The reason for the confusion is mostly that you're creating a new file that's not already in git.
Here the file welcome.txt is not in the git repository so git doesn't know anything about it's history. If there had been a previous version of welcome.txt that was committed you would see differences in this case.
git add welcome.txt
In this case you've added the file to the staging area. As far as git diff is concerned this effectively commits the file and git diff will only show you differences between the working copy and the version of welcome.txt in the staging area.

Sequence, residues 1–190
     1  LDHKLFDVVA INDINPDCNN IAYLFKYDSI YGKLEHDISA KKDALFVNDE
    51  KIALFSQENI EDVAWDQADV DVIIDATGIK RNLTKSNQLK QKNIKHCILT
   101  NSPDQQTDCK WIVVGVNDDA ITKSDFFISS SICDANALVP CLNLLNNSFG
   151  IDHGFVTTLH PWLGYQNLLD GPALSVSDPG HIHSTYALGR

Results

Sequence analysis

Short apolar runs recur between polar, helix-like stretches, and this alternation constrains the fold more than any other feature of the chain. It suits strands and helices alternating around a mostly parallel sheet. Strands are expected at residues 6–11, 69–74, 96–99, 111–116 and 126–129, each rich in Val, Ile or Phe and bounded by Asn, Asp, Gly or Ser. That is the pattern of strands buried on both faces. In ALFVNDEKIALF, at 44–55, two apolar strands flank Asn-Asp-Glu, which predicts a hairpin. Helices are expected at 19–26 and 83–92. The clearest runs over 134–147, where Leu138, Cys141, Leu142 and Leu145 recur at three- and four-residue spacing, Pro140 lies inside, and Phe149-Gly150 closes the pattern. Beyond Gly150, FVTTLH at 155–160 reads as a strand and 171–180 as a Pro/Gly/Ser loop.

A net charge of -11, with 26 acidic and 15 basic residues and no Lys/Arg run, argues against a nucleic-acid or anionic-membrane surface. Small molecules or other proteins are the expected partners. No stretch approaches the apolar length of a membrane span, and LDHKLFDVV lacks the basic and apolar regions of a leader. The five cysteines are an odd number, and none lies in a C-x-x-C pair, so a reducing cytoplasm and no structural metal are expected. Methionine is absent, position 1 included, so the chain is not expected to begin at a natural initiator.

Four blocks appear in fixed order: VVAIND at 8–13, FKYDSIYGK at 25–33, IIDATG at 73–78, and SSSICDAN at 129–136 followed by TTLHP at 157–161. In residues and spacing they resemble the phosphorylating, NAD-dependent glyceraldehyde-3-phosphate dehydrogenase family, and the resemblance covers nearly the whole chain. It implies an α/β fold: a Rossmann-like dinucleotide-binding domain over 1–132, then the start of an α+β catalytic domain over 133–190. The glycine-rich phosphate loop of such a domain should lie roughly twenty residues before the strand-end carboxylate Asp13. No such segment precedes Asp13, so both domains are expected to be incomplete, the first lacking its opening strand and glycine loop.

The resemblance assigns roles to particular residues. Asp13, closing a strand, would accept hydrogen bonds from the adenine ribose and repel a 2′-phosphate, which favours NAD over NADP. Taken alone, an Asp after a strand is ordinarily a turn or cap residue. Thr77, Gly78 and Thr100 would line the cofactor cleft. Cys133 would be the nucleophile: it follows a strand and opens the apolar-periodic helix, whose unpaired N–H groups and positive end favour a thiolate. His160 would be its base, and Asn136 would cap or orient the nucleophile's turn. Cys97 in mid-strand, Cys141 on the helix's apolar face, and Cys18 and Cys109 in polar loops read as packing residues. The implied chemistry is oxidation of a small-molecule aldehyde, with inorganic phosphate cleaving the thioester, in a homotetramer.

As you saw it's not quite true that staging a file is the same as committing it as far as git diff is concerned. You can still pass --cached and you will see the differences between the staging area and the current HEAD.
As Simon said it's mostly about the how git diff interacts with the staging area. Pro Git is Also an excellent online resource for getting started with git.
Git book entry on treeishes.